With the release of the Original Collection, Maestro is back with modern improvements to its classic designs, allowing a new generation of guitarists to be inspired by these excellent effects.
Choosing a Maestro Effects Pedal
Maestro has covered every effect type in the Original Collection. You can choose between a selection of gain-based pedals, modulation pedals, and timing pedals. All of the stompboxes share an identical control layout with all-analog circuitry.
When you’re identifying which Maestro effects would be most useful for your guitar style, make sure you check out the two onboard presets that the manufacturer installs on all of its pedals.
Often, Maestro pedals house two distinctively different effects in one roadworthy chassis. The effects are selected using a small two-way toggle switch located in the top center of the pedal.
Therefore, you may be able to reduce the amount of space you use on your pedalboard by choosing a pedal that combines two effects you’d like to have at your disposal.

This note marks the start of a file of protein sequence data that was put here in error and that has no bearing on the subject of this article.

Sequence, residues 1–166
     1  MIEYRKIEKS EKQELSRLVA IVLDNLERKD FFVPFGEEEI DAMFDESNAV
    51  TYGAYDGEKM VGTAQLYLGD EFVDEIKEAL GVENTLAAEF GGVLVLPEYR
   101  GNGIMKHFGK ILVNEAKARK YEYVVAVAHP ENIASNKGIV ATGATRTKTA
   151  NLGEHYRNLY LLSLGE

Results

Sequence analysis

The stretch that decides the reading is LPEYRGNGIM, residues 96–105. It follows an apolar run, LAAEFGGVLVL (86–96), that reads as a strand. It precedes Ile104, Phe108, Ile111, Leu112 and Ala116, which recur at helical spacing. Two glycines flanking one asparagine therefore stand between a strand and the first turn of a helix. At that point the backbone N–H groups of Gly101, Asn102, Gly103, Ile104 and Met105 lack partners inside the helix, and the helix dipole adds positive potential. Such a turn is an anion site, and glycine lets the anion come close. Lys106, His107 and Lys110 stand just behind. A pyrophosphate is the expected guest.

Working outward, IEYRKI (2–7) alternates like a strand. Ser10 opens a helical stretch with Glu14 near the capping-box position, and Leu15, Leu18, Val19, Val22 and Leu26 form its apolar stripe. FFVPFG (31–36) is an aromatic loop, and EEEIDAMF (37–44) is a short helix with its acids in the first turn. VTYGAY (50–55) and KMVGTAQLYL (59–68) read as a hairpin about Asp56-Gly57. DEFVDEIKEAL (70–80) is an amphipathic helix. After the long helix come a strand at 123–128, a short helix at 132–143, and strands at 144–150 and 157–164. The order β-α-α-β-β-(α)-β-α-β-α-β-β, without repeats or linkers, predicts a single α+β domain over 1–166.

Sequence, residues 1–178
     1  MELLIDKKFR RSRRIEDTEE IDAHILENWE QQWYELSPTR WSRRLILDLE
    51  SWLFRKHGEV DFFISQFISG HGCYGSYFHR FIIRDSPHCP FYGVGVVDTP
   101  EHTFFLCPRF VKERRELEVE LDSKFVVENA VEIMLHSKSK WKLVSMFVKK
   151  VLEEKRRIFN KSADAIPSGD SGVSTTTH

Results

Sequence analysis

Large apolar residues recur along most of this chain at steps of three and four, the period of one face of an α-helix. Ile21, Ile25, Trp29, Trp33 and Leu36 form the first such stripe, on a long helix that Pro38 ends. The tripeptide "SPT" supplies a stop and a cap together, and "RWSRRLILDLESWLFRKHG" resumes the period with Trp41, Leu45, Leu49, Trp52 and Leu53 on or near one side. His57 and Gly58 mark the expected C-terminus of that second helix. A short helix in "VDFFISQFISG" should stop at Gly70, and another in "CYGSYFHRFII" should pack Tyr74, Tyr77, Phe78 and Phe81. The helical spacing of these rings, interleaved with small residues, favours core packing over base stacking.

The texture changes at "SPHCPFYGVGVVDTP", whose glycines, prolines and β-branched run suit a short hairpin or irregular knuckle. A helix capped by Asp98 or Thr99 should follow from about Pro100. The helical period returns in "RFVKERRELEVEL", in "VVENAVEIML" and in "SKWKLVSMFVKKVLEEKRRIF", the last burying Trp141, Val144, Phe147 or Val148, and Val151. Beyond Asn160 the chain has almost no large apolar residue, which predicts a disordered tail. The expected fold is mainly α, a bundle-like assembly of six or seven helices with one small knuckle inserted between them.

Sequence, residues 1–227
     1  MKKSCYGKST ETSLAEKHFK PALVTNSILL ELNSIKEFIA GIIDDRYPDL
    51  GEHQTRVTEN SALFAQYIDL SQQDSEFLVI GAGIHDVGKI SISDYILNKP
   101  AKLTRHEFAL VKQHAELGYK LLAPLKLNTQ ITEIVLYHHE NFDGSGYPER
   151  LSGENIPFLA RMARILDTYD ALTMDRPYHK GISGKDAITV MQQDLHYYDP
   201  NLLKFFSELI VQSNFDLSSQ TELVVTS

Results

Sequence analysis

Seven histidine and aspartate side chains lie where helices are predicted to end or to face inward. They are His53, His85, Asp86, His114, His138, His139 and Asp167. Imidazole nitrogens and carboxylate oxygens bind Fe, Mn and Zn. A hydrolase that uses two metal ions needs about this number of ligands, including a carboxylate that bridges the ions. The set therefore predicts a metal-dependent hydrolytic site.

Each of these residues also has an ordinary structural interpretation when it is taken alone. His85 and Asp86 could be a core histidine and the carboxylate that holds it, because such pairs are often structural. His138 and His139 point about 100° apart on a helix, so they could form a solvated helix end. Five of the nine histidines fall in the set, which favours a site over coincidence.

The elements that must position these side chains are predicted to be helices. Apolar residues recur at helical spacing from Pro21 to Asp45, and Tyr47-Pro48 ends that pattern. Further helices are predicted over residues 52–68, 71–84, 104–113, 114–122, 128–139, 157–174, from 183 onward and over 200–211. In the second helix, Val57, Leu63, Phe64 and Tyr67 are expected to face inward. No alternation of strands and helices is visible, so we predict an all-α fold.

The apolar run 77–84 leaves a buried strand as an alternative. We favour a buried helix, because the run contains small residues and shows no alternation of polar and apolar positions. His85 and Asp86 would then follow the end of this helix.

Maestro Pedals FAQs
Where are Maestro pedals made?
The original Maestro pedals that were popular in the ‘60s and ‘70s were predominantly made in the USA. The more recently released Original Collection has been manufactured in China, as is the case with many popular guitar pedals these days.
Does Gibson own Maestro?
Gibson is indeed the owner of Maestro. It was Gibson that made the decision to revive the obsolete vintage pedal brand with the Original Collection.
Despite Gibson’s ownership, Maestro is marketed as a standalone brand rather than being released under the Gibson name.
Which Guitarists have used Maestro pedals?
Maestro pedals have been used by a selection of rock n’ roll’s best-known electric guitarists. Most notably, the FZ-1 Fuzz-Tone was used for the iconic opening riff on The Rolling Stones’ 1965 hit, “(I Can’t Get No) Satisfaction.”
Pete Townsend of The Who then played the Maestro Fuzz Tone at the band’s legendary performance at the 1967 Monterey Pop Festival, and in the same year, The Doors’ lead guitarist Robbie Krieger used the pedal on the track “My Eyes Have Seen You.”